4 Have the Kids Help
Older kids might be able to (should be able to) make their own lunches, so assign it to them as one of their responsibilities. If possible, make them pack their lunch the night before (and stash it in the fridge, if necessary) so all they have to do in the morning is grab it and go.
As mentioned above, if you have space somewhere in your kitchen, kids can grab their own lunch stuff and snacks. You can use a small plastic chest or metal craft cart, some baskets or tubs, and labels. Pre-portion your foods, snacks, and utensils, and the kids should be good to go. Check out this mom’s ideas for a DIY lunch stations in both the fridge and pantry.
Make sure the kids get something from all of the food groups. Here are some ideas for go-to foods that are easy to prep, pack, and enjoy.
Proteins: lean meats, cheese, yogurt, hardboiled eggs
Fruits: apple slices, oranges or clementines, grapes, berries
Vegetables: baby carrots, celery, pepper strips
Drink: bottled water or juice box
Add a treat or dessert. Don’t forget utensils, napkins, and wipes.
3 Picky Eaters? Let Them Choose
Lunchables were the go-to snack for kids in the 80s and 90s but nowadays, parents question their health. There’s a new spin on snack-sized lunches: the bento box. Bento boxes are a fun way to pack lunch, and they’re easy to prep in advance.
You can buy both metal and plastic varieties, some of which may be microwave and dishwasher-safe. Some bento boxes come with separate individual containers with lids; others are just open compartments. (The open-compartment variety might be a smart choice for smaller kiddos as they won’t have to struggle to open multiple containers.) They usually have a large compartment for the main dish, smaller spaces for sides and accompaniments, and sometimes sections for utensils or drinks.
A benefit of using the bento box is that you’re not constantly using plastic baggies to pack up your snacks. And, you’re not using a brown paper bag to carry everything. Since many bento boxes are leak-proof and can be tossed in the dishwasher, you don’t have to worry about anything leaking and ruining a vinyl, canvas, or plastic lunch bag, or a backpack.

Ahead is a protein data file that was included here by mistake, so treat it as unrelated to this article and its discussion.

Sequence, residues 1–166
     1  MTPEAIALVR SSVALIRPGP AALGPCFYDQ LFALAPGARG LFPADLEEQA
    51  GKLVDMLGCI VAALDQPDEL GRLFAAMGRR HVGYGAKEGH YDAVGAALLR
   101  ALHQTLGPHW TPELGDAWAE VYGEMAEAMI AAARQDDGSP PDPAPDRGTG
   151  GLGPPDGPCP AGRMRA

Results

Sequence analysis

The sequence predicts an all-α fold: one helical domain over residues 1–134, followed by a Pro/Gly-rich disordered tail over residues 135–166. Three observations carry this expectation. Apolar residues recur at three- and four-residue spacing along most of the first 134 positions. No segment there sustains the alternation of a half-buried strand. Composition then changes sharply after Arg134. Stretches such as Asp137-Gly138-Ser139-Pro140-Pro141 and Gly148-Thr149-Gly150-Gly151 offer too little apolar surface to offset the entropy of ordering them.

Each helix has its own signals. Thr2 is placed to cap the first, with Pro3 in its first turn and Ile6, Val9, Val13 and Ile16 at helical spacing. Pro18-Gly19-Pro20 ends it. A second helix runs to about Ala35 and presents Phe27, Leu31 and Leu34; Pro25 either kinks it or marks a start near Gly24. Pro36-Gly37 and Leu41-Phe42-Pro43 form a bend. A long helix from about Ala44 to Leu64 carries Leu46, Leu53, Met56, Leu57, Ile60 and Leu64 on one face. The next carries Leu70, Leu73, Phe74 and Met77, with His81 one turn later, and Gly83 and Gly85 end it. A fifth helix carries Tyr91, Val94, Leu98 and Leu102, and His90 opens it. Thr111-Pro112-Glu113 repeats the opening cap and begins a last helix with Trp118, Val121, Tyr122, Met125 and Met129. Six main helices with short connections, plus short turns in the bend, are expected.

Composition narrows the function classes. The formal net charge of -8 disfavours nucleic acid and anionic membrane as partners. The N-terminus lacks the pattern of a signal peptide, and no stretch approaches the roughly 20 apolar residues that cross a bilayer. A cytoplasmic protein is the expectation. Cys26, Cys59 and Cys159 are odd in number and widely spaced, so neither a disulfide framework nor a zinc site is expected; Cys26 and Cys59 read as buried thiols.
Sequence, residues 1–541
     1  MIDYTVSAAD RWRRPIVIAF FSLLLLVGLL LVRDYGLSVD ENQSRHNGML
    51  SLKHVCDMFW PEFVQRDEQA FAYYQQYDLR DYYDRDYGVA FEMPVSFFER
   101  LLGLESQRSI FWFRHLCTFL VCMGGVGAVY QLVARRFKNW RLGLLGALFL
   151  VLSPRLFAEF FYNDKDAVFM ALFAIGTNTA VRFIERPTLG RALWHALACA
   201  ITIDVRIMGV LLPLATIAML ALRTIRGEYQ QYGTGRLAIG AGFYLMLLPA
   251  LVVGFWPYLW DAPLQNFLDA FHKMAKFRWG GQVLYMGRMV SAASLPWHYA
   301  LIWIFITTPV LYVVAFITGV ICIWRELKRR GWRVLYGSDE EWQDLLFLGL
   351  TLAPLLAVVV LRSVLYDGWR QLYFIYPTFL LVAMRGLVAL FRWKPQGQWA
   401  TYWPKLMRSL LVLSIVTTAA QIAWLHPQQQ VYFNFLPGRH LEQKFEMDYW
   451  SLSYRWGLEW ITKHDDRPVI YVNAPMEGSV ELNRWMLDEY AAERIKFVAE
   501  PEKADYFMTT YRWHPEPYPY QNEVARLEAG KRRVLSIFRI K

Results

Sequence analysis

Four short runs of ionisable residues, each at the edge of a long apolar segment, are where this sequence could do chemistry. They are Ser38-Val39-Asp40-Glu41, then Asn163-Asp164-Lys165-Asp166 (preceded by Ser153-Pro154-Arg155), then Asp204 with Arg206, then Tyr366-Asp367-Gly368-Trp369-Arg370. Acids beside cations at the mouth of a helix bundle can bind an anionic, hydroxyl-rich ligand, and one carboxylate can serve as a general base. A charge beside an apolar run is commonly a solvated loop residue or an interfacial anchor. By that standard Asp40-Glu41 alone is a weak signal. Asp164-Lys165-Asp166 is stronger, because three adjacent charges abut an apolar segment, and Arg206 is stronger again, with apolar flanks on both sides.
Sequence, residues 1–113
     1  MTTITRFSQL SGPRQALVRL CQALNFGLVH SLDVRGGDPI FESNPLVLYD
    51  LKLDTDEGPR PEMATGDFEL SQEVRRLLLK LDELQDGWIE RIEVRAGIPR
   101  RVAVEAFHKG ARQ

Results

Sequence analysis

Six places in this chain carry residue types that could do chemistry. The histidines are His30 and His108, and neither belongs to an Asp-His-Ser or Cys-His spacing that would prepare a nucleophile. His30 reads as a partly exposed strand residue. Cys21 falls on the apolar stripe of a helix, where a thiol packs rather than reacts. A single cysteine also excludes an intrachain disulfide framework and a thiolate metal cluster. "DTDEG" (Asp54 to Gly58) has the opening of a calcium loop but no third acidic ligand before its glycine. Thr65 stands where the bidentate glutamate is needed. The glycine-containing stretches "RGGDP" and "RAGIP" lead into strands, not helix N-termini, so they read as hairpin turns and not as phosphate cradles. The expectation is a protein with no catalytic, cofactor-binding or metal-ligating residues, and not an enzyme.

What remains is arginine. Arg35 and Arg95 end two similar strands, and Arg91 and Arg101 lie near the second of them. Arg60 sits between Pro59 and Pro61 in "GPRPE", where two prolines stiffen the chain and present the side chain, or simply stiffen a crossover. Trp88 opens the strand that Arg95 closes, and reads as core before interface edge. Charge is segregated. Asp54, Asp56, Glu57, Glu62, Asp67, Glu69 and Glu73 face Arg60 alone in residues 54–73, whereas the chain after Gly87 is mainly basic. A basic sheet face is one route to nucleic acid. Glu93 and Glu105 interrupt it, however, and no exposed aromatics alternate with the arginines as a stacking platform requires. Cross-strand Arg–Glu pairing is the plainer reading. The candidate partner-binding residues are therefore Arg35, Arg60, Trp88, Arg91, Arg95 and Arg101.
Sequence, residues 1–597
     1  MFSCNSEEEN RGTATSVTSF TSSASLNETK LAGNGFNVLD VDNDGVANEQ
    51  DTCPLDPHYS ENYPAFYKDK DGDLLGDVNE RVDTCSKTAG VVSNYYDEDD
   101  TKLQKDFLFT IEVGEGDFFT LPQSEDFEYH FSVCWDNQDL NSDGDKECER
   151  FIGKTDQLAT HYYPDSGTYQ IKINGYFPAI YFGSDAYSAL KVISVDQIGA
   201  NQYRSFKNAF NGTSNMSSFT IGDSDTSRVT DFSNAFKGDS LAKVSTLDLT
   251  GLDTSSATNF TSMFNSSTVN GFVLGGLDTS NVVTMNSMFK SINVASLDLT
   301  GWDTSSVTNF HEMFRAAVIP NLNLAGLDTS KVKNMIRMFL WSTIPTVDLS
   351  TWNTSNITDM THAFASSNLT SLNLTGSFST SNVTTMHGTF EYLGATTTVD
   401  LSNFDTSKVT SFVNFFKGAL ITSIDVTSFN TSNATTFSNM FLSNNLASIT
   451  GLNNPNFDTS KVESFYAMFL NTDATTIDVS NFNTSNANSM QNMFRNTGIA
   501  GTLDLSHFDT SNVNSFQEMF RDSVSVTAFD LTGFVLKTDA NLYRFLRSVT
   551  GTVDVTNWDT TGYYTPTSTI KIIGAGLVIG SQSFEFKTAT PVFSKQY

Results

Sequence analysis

When planning your dinners for the week, make an extra serving or two so that you have some leftovers for the kids to take to school. There are some great recipes out there for making multiple large meals for the week with a few key ingredients. Here are some links to browse for ideas:
If the kids are going to reheat foods for lunch, make sure that you’re using a recipe you know will taste just as good the next day. It also helps to make sure you’re packing something that’s easy to reheat and clean up.
To ensure the kids don’t get bored with the same meal two days in a row, try switching it up a little bit. Use leftover chicken to make chicken salad wraps or to top leafy green salads. There are many simple ways to transform your leftovers.
1 What About Weekends?
When the weekend rolls around, you may still be on lunch duty. Instead of diving into bowls of cereal, make weekend brunch an event. This is the time to serve up and savor dishes you don’t normally make for breakfast. Brunch is the best of both worlds, so there should be a little something to satisfy everybody. You can have your eggs and bacon, but have salads and sandwiches, too.
Food and Wine Magazine has a great spread online for kid-friendly brunch ideas. Check out this recipe for Food and Wine’s ham and potato chip tortilla (Spanish omelet.) The kids will not resist eating potato chips for breakfast!
A dozen eggs
¼ cup virgin olive oil
½ pound ham steak, cut into small cubes
3 large scallions, diced
one 5-ounce bag of jalapeno potato chips, lightly crushed
1. Preheat the broiler and position a rack 8 inches from the heat. In a large bowl, beat the eggs. Add the potato chips and mash to break them up.
2. In a large ovenproof nonstick skillet, heat the olive oil. Add the diced ham and sliced scallions. Cook over high heat for 1 minute. Add the eggs and cook until set on the bottom and side, about 3 minutes. Broil the tortilla for about 2 minutes until the top is lightly browned and the eggs are set. Slide the tortilla onto a plate, cut into wedges, and serve.
You can also let the kids return the favor and make lunch for you. Whether you make lunch together, simply supervise, or give the kids full permission to create their own lunch menu, it’s nice to get in the kitchen together.